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Scott J. Forman
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BART Should Ask "Why" Five Times

18 Mar 2016

Every time something goes wrong on BART - which is distressingly often - there’s an explosion of outrage on Twitter. I’ll confess to taking a certain perverse enjoyment in reading the complaints. (Gemeinsamschadenfreude?). Usually, the responses are bland and uninformative. But this week, BART spokesman Taylor Huckaby offered a dose of radical candor.

I love it. It’s refreshing to see an obviously well-informed public official tell it like it is. The transparency breathes some life into the usual ritual of recrimination and defensiveness.

It also made me think I should publish a suggestion I’ve been noodling over for a while:

Take a page from Toyota’s book, and publish a clear, calm, transparent answer to the “5 Why’s” after every incident.

I don’t know a lot about railway engineering, so this is just a hypothetical example. But say there’s a “problem on the track.” As soon as possible after the incident occurs, BART should publish a short blog post with the following information:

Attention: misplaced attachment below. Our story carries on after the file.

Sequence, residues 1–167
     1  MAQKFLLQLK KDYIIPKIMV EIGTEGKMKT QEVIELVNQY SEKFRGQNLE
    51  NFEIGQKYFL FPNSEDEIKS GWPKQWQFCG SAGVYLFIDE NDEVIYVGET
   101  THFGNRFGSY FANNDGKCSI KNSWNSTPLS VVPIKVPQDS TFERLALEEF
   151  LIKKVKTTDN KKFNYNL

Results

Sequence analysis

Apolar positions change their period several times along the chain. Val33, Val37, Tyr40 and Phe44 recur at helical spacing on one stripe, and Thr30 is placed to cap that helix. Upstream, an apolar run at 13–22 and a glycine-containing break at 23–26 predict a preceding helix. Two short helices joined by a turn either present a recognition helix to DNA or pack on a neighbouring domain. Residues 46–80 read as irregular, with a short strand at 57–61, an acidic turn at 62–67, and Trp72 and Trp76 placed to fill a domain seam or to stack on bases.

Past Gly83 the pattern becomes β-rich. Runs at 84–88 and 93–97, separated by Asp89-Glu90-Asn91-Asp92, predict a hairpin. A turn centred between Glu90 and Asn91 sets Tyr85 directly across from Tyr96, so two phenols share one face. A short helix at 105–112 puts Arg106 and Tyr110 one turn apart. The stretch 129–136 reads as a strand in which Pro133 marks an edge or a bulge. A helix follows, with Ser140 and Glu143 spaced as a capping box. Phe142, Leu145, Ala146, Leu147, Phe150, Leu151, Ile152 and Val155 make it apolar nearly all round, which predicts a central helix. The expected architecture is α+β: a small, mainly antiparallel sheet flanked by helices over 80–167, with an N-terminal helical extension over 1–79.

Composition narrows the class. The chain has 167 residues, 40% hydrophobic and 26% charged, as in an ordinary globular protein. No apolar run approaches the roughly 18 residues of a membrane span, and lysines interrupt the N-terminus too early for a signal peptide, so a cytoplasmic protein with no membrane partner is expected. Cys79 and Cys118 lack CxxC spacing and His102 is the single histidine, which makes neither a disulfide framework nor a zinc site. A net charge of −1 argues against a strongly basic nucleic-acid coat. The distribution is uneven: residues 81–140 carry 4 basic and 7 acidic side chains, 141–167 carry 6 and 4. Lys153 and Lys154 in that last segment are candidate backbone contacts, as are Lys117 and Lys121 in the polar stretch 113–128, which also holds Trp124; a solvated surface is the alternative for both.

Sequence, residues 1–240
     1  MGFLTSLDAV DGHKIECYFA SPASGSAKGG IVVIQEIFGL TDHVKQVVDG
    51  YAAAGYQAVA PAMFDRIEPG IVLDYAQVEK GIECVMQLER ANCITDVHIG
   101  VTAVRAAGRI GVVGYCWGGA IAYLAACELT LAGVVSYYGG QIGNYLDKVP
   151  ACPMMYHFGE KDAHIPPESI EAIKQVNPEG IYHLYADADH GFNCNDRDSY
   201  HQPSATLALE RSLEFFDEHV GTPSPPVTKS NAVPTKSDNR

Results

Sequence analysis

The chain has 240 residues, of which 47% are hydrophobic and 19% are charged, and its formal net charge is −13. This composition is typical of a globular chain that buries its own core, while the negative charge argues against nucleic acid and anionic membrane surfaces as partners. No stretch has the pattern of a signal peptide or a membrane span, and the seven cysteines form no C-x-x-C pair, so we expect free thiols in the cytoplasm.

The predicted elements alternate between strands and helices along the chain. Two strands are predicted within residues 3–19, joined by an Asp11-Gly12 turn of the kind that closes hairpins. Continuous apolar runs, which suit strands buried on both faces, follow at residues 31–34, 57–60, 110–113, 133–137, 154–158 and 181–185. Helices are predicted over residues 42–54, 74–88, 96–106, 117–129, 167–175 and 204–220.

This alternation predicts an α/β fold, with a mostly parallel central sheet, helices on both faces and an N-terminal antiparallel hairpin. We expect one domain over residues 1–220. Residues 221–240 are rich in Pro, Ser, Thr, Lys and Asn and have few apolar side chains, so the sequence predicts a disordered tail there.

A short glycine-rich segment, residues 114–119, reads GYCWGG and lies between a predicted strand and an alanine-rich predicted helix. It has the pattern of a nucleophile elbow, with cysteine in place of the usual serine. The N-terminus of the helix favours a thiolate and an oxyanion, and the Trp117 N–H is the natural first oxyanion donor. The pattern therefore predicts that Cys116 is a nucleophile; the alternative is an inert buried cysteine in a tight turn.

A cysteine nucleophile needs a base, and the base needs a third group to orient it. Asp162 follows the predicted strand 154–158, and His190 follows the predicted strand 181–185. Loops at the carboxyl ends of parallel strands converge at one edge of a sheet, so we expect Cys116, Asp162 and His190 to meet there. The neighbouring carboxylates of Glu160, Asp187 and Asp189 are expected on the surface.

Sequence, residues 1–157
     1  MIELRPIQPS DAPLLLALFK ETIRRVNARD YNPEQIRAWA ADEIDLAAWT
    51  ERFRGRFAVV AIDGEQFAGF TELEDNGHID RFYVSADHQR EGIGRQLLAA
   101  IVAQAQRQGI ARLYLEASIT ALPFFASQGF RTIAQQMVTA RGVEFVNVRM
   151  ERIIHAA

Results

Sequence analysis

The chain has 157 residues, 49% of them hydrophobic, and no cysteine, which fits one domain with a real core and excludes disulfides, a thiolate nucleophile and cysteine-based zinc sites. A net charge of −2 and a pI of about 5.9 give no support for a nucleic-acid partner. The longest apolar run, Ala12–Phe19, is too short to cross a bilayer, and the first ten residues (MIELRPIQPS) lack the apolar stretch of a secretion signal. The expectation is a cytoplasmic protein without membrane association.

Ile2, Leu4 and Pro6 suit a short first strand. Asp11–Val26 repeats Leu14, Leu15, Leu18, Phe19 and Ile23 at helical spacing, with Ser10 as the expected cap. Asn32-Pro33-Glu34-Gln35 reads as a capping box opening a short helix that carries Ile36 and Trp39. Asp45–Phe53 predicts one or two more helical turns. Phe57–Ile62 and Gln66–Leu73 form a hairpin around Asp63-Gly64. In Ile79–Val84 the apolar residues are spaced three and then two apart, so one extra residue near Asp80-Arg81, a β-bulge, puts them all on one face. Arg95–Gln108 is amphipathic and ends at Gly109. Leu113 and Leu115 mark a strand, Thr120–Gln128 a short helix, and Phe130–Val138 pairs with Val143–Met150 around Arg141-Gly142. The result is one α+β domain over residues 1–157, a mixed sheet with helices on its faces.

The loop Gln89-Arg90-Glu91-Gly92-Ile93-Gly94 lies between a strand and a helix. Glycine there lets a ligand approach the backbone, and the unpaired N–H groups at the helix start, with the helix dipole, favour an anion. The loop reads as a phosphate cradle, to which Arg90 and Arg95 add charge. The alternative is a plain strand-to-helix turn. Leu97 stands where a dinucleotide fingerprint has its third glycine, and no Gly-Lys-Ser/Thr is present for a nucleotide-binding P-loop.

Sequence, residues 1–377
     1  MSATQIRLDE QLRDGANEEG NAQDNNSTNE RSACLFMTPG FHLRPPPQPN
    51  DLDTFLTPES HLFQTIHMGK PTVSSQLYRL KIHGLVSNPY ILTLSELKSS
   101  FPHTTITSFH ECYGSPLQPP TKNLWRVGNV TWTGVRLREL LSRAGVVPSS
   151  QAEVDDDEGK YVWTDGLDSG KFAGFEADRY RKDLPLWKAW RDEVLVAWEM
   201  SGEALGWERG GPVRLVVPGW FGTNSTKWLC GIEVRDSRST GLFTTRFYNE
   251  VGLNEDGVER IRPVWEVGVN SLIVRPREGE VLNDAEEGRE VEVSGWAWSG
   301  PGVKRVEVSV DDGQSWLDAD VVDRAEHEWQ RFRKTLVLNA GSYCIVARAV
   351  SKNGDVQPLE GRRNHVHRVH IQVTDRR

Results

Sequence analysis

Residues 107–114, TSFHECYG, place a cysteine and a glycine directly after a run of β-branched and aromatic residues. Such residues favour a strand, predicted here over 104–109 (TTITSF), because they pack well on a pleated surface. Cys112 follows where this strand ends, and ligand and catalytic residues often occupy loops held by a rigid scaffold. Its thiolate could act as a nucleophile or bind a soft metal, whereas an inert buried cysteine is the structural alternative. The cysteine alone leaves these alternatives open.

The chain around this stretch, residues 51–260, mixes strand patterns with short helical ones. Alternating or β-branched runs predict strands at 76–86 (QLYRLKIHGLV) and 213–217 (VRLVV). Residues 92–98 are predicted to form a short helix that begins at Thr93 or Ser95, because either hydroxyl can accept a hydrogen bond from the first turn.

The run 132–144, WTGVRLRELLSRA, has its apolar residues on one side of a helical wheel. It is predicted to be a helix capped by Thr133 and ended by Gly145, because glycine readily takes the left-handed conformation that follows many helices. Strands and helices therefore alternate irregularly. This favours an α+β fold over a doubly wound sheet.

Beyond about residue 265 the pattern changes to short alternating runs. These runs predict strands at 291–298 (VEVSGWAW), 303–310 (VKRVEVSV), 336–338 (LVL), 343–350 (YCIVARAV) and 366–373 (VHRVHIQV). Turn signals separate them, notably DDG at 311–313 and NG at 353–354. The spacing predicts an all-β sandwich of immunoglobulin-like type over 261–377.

• Date and time: [Day],[Month],[Year],[Time]
  • What happened? Trains were delayed for 20 minutes system-wide.
  • Why? There was a signal malfunction.
  • Why did the signal malfunction? Because the signals in that section of track were damaged by salt water in 2014.
  • Why haven’t they been fixed? Because the manufacturer of the parts needed to fix them has a two-year backlog.
  • Why haven’t they been replaced? They are on the schedule to be replaced, but not until 2017.
  • Why not sooner? Because the maintenance budget is not unlimited, so we have to prioritize, and there are other problems that are worse.

It would require a significant investment of authority to ask these questions and publish honest answers. A cultural change, really. But I think it would be a worthy investment, with five significant benefits:

  • Demonstrate that there are many BART employees - like Huckaby - who genuinely care about the system functioning well. Dispel the impression of indifference.
  • Mitigate the frustration of seemingly random malfunction. Understanding why makes disruption easier to bear.
  • Give BART a perfect response to the loudest complainers. Respond to every Tweet with a link to the relevant post.
  • Perhaps, occasionally, expose issues that actually can be addressed or prevented without massive investment (although I suspect that most of the time the result will resemble my hypothetical).
  • Build support for making the substantial investments we must make over the next few decades if we want a decent public transportation system.